1968 Maureen found much deserved personal happiness when she married Charles Blair. General Blair was a famous aviator whom
she had known as a friend of her family for many years. A new career began for Maureen - that of a full time wife. Her marriage
to Blair, however, was again far from typical. Blair was the real-life version of what John Wayne had been on the screen.
Blair had been a Brigadier General in the Air Force, a Senior Pilot with Pan American, along with incredible record-breaking
aeronautic achievements. Maureen happily retired from films in 1973 after making the TV movie "The Red Pony" (which won the
prestigious Peabody Award for Excellence) with Henry Fonda.
With Blair, Maureen managed a commuter sea plane service
in the Caribbean, "Antilles Airboats." She not only made trips around the world with her pilot husband, but owned and published
a magazine "The Virgin Islander" writing a monthly column "Maureen O'Hara Says." A very excellent assessment of her life with
Blair, Maureen stated "I got to live the adventures I'd only acted out on the Fox and Universal lots." Tragically, Charles
Blair died in a plane crash in 1978. Though completely devastated, Maureen picked up the pieces and with memories of ten of
the happiest years of her life, continued on. She was elected CEO and President of Antilles Airboats which brought her the
distinction of being the first woman president of a scheduled airline in the United States.
Maureen now lives quite
happily in semi retirement. Though her home is in St. Croix in the Virgin Islands, she also spends time throughout the year
in New York, Los Angeles, and Ireland. Fortunately she was coaxed out of retirement several times; once in 1991 to star with
John Candy in "Only the Lonely," and again in 1995 in a made for TV movie, "The Christmas Box" on CBS. In spring of 1998 Maureen
accepted the second of what would be three projects for Polson Productions and CBS "Cab to Canada" and in October, 2000, "The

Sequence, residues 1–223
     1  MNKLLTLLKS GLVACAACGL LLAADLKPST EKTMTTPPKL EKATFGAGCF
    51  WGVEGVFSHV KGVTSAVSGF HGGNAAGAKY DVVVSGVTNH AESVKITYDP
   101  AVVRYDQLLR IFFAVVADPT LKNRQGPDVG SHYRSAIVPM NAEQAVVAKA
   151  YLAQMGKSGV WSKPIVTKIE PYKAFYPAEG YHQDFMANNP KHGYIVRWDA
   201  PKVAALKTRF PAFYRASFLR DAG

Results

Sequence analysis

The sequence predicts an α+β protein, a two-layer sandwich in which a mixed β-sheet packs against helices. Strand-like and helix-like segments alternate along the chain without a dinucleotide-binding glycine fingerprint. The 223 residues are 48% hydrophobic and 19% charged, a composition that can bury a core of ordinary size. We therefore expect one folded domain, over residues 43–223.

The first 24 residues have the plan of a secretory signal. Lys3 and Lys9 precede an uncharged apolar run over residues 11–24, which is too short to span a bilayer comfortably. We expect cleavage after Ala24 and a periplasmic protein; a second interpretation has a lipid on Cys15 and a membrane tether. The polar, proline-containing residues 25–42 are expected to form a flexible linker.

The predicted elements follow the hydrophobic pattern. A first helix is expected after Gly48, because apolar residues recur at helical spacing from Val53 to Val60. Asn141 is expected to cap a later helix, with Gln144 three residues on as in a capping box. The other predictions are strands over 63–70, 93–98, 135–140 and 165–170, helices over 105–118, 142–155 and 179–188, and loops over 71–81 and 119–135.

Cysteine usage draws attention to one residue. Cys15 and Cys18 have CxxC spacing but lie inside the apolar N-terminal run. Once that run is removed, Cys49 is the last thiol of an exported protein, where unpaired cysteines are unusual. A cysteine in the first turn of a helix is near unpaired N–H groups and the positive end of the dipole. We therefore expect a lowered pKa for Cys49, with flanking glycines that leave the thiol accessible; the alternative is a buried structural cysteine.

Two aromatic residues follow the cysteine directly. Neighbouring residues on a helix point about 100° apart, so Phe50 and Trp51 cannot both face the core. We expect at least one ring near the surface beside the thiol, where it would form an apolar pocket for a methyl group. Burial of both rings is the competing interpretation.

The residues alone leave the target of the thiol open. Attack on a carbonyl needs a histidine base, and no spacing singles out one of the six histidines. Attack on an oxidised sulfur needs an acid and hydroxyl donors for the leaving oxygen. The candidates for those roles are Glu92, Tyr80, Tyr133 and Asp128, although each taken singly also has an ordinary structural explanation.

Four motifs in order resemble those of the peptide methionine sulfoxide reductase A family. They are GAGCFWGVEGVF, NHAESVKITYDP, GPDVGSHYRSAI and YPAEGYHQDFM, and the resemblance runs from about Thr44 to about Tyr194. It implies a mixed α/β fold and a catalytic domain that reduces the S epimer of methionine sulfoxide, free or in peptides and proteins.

Maureen O'Hara is still absolutely stunning, with that trademark red hair, dazzling smile and those huge,
expressive eyes. She has fans from all over the world of all ages who are utterly devoted to her legacy of films and her persona
as a strong, courageous and intelligent woman. Maureen's world wide popularity became even more evident since her first appearance
on the Internet. My first website paying tribute to Maureen constructed in 1996 became so popular (over 75,000 visitors )
that I created an extension site that brings a combined visitor toll to over 150,000 - and counting. I receive e-mails of
appreciation and affection for Ms. O'Hara from teens as well as adults, from all corners of the globe on a daily basis.
world keeps turning technology keeps advancing...the wide screen becomes wider, the soundtracks become louder, and the heroes
and heroines have given way to computer digital enhancement. What a wonderful thing to know that Maureen O'Hara is still out
there still glowing reminding us of a better time - a time of respect and honor a time of romance and fantasy.
image of Maureen O'Hara that began in this country in 1939 as Esmeralda in "The Hunchback of Notre Dame" now embodies over
60 years of performing - both in films, and television music and drama. We still need our heroes and heroines Maureen O'Hara
remains so, in regal manner.